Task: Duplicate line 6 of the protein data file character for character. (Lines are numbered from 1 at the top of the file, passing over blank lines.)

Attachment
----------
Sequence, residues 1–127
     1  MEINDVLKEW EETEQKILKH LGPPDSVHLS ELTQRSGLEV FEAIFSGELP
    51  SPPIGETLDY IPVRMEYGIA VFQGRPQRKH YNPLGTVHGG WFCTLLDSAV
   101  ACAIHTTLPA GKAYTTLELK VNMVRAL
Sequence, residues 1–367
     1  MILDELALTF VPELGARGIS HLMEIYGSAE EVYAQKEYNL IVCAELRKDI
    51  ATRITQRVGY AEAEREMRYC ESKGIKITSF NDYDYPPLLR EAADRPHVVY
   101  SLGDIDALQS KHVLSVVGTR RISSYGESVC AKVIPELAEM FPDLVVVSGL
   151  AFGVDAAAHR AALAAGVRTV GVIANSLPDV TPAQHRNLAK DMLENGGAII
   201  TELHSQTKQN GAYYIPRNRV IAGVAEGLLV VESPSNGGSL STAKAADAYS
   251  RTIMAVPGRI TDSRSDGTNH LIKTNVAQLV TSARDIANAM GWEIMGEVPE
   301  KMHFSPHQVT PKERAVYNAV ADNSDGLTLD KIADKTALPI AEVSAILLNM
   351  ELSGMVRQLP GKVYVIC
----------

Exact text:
     1  MILDELALTF VPELGARGIS HLMEIYGSAE EVYAQKEYNL IVCAELRKDI